Nuclear-Powered Drones Stopped by “Political Conditions”…Or Just Delayed
Monday, March 26, 2012
Scientists at a leading defense contractor and government research laboratory have been working on developing a new generation of drone aircraft that utilizes nuclear power.
Based on a vaguely worded report out of Sandia National Laboratories, Steven Aftergood at Secrecy News surmised that the unnamed “technology” was fission-oriented. The lead investigator for the research was a nuclear propulsion expert, Aftergood noted, and the report included references to “propulsion and power technologies that [go] well beyond existing hydrocarbon technologies,” “safeguards” and “decommissioning and disposal.”
Interest in making unmanned aircraft nuclear-powered stems from the desire to extend the length of missions from “days to months” at a time.
The U.S. Air Force has been studying the feasibility of nuclear-powered drones since at least 2002, when it funded two studies to consider the possibility of converting Northrop-Grumman Global Hawk UAVs to nuclear power.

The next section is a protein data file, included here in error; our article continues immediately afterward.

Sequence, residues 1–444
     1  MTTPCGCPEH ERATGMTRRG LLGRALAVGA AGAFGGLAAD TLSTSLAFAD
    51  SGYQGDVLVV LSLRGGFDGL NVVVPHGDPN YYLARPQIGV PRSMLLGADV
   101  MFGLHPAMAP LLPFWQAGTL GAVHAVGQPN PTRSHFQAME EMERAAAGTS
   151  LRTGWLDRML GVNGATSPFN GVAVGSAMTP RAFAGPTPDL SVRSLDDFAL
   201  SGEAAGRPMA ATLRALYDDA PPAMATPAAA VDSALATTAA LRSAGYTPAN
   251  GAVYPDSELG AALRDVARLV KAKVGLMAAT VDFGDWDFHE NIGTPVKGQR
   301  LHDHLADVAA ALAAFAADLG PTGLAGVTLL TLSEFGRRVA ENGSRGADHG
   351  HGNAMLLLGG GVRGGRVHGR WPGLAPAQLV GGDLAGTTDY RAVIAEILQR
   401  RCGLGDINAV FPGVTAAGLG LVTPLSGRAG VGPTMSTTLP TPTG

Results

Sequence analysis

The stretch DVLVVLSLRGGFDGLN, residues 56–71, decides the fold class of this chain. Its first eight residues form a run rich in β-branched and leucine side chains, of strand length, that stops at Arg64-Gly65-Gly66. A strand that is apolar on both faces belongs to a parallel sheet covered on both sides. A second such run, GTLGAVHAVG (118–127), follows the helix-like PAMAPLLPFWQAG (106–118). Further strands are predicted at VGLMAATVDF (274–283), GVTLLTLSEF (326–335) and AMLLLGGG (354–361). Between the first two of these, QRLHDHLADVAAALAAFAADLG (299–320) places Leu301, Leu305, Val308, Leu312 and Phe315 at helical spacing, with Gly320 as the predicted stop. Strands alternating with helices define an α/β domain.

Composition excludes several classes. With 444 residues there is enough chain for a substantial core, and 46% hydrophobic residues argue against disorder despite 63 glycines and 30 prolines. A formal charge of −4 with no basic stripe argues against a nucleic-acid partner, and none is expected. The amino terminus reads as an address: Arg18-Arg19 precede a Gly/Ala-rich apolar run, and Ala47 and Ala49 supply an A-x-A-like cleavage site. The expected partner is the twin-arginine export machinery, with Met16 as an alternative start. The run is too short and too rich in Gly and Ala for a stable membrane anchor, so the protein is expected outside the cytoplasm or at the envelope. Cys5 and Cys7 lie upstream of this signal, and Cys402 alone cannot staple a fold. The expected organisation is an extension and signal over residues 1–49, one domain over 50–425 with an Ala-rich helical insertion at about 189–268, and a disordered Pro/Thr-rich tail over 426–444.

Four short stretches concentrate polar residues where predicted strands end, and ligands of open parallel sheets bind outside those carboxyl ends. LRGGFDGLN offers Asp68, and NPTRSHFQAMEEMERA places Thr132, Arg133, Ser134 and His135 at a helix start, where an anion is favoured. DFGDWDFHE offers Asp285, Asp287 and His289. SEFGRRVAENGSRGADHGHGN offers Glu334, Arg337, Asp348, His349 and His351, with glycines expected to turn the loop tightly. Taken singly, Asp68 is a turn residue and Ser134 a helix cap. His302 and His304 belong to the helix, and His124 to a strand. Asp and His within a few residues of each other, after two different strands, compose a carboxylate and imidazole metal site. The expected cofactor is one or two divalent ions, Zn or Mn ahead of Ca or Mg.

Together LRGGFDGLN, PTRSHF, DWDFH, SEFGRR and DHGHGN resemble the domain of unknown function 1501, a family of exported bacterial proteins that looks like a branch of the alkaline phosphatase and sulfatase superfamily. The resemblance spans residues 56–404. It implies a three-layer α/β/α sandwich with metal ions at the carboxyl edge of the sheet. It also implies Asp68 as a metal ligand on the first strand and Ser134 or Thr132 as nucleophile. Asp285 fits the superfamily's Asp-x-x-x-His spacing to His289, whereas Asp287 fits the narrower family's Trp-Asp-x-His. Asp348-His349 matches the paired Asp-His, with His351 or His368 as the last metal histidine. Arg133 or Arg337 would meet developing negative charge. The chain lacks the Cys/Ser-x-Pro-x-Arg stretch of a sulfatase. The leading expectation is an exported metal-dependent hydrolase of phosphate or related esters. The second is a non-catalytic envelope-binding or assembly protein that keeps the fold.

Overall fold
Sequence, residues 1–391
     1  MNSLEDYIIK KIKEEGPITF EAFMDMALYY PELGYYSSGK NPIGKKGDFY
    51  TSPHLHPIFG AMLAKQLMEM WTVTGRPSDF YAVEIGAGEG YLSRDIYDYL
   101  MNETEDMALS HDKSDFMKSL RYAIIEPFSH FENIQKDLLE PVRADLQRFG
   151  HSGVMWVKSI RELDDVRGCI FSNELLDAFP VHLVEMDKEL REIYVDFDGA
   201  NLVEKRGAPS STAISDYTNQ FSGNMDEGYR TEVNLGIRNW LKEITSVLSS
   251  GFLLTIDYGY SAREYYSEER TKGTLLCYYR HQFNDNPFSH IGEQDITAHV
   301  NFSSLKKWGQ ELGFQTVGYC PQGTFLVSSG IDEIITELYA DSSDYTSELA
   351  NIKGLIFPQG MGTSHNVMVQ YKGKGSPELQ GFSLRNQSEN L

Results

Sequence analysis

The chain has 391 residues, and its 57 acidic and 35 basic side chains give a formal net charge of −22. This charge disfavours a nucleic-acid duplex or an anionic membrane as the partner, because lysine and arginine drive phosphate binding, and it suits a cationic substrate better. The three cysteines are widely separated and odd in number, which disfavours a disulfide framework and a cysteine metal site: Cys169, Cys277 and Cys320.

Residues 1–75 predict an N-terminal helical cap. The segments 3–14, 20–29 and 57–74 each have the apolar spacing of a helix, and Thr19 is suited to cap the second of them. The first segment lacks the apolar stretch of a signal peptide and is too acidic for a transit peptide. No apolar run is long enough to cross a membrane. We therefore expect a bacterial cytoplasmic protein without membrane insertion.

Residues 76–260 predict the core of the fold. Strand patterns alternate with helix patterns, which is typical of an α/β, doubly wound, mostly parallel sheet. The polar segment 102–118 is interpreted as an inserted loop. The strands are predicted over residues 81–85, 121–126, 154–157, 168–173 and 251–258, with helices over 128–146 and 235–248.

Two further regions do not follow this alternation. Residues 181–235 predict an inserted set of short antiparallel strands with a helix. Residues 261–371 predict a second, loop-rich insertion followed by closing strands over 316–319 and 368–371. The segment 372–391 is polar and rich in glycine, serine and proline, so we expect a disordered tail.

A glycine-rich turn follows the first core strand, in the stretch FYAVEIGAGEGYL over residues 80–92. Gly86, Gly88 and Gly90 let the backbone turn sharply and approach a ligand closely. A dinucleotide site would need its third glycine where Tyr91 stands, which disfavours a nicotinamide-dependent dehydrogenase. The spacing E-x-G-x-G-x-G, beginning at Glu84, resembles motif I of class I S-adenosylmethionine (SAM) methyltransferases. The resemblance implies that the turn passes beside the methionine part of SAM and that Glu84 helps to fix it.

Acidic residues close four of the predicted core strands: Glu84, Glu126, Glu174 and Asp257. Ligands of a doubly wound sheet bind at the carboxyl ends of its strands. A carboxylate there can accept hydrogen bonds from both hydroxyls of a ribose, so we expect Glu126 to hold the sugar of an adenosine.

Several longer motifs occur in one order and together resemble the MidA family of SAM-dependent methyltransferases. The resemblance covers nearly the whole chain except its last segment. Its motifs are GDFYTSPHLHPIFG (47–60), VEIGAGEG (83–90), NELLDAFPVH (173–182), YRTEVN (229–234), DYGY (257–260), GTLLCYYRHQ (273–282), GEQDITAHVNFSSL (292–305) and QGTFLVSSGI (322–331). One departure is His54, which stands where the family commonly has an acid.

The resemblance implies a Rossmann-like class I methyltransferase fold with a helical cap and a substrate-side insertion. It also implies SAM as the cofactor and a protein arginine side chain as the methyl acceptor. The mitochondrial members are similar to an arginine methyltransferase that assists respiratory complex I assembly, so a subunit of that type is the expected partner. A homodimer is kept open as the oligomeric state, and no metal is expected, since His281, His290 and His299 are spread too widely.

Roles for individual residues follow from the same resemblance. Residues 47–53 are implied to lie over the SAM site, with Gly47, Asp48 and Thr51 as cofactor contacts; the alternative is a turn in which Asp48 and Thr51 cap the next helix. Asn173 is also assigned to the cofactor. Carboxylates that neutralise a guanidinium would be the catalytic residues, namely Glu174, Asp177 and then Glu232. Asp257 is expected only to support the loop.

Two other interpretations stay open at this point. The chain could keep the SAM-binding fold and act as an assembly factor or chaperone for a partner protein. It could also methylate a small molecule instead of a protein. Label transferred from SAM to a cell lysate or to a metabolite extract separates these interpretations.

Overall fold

For the time being at least, the government does not appear to be moving forward with the new kind of drone because “current political conditions will not allow use of the results,” reads the report.
To Learn More:
Secret Drone Technology Barred by “Political Conditions” (by Steven Aftergood, Secrecy News)
Project Accomplishment Summary (Sandia National Laboratories) (pdf)
Nuclear-Powered Drone Aircraft on Drawing Board (by Duncan Graham-Rowe, New Scientist)
- Top Stories
- Unusual News
- Where is the Money Going?
- U.S. and the World
- Appointments and Resignations
- Latest News
- Director of the Domestic Nuclear Detection Office: Who Is L. Wayne Brasure?
- Delegated Director, Substance Abuse and Mental Health Services Administration: Who Is Kana Enomoto?
- For Donald Trump, the Honeymoon was Over Before It Even Began
- Acting Director of the Indian Health Service: Who Is Mary L. Smith?
- Director of the Agency for Healthcare Research and Quality: Who Is Andrew Bindman?